What’s in the glass tonight October 4th

Thistle Ridge Pinot Noir 2013

Thistle Ridge Waipara Pinot Noir 2013 – $$

A Pinot Noir from Waipara. Planted on the Teviotdale Hills towards the north end of the Valley. Named for a ridge cleared of thistles and planted in vines. Of course.

This is a region most noted (to date) for its Riesling wines, so I’m interested to see how it stacks up. The wine was voted Champion Red at the recent New World Wine Awards. Given the low-ish price point for wines considered for these awards, it should be acknowledged that we are fishing in a somewhat shallow pool.

Pinot Noir is considered a tricky grape to grow and ripen here, and the resulting wine is pricier than, say, Sav Blanc to make. I suspect this encourages producers to lift their cropping levels, ripen more fruit and thus increase wine production, so to get the price down and the supply volumes up to the point where supermarket chains would be interested. As pinot quality is directly influenced by dry extract and careful ripening, it is a careful balance a volume producer must strike.

However, the judges taste blind, and this wine must have shown the goods to win. And further investigation uncovers that this wine is the ‘younger brother’ of leading Waipara producer Greystone wines, whose own Pinot Noir I rated pretty well when I tasted it a while back, and intend to buy for my own cellar. The pedigree is there.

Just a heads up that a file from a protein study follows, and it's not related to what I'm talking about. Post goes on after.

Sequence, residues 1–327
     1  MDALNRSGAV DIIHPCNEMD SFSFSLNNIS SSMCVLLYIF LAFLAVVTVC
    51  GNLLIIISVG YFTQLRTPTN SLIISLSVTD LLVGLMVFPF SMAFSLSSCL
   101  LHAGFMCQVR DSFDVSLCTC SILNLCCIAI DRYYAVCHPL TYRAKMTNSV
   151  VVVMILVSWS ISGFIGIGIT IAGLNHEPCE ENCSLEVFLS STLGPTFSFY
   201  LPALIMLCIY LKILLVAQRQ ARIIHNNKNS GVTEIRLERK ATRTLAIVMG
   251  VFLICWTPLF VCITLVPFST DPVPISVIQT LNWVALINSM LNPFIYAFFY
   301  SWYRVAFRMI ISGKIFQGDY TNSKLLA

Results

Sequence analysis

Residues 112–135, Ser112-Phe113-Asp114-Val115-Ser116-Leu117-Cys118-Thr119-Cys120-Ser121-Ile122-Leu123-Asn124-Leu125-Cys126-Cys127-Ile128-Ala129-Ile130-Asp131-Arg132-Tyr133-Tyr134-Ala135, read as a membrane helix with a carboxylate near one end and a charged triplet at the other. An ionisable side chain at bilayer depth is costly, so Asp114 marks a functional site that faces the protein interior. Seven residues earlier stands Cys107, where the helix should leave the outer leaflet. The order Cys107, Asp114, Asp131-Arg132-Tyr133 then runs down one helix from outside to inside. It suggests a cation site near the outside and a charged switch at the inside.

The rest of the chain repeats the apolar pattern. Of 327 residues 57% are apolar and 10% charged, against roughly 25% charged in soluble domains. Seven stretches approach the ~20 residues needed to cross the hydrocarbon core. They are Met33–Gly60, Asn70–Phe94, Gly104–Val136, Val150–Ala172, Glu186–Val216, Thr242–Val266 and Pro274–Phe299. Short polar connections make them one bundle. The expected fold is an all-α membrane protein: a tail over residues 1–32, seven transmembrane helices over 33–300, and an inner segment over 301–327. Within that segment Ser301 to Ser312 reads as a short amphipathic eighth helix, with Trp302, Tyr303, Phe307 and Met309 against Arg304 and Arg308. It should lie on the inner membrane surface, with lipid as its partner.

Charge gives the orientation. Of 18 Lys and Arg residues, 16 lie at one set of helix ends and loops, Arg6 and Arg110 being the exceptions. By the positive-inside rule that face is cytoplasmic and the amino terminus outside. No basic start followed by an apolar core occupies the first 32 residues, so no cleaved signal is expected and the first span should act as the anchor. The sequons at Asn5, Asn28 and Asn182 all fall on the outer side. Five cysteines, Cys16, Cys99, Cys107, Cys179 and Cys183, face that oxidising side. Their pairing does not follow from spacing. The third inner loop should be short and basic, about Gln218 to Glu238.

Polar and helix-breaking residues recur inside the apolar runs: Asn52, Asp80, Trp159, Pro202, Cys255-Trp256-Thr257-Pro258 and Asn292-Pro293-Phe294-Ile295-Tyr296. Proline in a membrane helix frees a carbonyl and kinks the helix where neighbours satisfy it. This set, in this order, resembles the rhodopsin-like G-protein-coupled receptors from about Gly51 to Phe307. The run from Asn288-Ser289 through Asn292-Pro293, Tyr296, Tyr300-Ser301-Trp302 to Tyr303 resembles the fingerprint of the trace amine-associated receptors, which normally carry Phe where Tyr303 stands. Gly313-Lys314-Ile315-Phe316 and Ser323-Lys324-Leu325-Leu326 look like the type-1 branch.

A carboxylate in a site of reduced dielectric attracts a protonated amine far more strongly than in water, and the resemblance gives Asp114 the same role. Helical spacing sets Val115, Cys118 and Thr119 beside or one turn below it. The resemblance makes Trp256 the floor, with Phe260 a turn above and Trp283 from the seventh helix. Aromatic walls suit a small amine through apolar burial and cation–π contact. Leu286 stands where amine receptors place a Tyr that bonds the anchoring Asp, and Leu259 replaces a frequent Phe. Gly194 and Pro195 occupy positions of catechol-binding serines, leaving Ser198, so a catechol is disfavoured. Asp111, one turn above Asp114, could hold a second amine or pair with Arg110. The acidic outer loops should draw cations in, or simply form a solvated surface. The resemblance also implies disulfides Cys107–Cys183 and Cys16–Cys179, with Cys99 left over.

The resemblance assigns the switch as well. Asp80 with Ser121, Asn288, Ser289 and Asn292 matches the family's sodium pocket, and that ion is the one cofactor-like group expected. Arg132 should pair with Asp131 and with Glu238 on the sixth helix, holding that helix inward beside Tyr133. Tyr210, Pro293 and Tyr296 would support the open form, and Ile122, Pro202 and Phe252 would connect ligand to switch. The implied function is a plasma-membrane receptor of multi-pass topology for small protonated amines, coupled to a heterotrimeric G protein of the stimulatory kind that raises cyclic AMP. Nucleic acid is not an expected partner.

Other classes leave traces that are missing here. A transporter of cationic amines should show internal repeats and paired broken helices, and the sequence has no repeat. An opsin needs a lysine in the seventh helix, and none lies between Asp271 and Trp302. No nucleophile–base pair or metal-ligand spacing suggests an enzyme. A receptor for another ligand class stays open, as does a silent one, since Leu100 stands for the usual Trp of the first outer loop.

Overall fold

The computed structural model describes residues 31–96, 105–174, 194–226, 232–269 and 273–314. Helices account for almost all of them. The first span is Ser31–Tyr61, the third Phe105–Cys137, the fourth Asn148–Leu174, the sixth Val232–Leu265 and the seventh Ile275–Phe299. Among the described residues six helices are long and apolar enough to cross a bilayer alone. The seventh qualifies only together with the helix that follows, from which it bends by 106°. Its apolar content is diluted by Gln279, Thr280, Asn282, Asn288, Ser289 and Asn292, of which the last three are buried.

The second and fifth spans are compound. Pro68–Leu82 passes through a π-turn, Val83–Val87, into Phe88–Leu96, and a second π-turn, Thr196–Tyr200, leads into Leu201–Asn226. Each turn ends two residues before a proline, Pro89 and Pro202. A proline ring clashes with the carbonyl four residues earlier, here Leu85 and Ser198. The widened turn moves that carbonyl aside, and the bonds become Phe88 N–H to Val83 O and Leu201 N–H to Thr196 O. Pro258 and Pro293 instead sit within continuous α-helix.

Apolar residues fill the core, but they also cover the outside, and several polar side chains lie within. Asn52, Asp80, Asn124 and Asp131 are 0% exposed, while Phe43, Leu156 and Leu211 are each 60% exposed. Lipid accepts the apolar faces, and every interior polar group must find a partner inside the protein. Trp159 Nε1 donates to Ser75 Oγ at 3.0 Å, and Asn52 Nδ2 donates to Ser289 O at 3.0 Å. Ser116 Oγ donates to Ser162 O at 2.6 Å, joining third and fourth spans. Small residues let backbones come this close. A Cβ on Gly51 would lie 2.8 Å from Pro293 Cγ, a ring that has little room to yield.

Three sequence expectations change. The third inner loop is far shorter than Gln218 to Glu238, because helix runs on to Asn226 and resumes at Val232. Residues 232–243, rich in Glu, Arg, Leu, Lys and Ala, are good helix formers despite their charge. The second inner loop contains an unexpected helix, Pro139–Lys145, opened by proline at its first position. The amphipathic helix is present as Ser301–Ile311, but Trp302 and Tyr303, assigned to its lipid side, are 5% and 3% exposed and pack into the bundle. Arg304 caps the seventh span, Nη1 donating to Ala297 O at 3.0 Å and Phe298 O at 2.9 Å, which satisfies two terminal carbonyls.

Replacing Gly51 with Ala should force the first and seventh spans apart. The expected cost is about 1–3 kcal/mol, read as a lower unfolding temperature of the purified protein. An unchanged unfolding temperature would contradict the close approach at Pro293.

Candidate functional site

In the glass the wine is very deep pink carmine. 12.5%. Spice and dark stonefruit on nose, with some savoury character. It took 24hrs to open up and lose a metallic aroma, which also influenced the palate, so I would recommend splashy decanting if you want to drink it in one sitting. Not a good look, to be frank. Most supermarket wines are consumed immediately following the shopping excursion, so it should have been primed and ready to go.

After a day’s rest the aroma softened markedly. Savoury and floral characters came forward. Good fruit weight showed to taste, quite sweet and rich, with ripeness galore. Smooth, not dense. A simple wine, and a good return on the $$. Could improve with a year off. 3+

I followed this up the same night with a wine that tasted like it was truly from somewhere else. A startling expression of a foreign terroir:

Plaisir De Merle Western Cape Chardonnay 2011 – $$

Plaisir de Merle Chardonnay SA 2011

I am so used to NZ Chardonnays. It was a surprise to taste my first mouthful of this South African wine from the Paarl Winelands in the Groot Drakenstein Valley. A Meursault-like nose. Rich and buttery and spicy, with toasted nuts. Yum! Not sure really how good it is cos I couldn’t get my head around it. Really cheap at $10 a bottle, so will have another go quite soon 🙂

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